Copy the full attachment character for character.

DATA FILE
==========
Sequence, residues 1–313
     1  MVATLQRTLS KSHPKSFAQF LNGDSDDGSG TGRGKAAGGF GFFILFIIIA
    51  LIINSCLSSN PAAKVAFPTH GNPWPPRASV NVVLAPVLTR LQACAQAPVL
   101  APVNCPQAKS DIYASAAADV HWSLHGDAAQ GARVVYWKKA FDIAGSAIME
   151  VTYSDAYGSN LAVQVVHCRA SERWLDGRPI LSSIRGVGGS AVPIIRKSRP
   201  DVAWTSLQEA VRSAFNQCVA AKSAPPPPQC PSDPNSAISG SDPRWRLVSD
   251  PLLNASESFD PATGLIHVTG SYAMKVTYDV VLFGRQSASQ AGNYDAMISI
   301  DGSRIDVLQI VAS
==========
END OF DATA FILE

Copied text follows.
Sequence, residues 1–313
     1  MVATLQRTLS KSHPKSFAQF LNGDSDDGSG TGRGKAAGGF GFFILFIIIA
    51  LIINSCLSSN PAAKVAFPTH GNPWPPRASV NVVLAPVLTR LQACAQAPVL
   101  APVNCPQAKS DIYASAAADV HWSLHGDAAQ GARVVYWKKA FDIAGSAIME
   151  VTYSDAYGSN LAVQVVHCRA SERWLDGRPI LSSIRGVGGS AVPIIRKSRP
   201  DVAWTSLQEA VRSAFNQCVA AKSAPPPPQC PSDPNSAISG SDPRWRLVSD
   251  PLLNASESFD PATGLIHVTG SYAMKVTYDV VLFGRQSASQ AGNYDAMISI
   301  DGSRIDVLQI VAS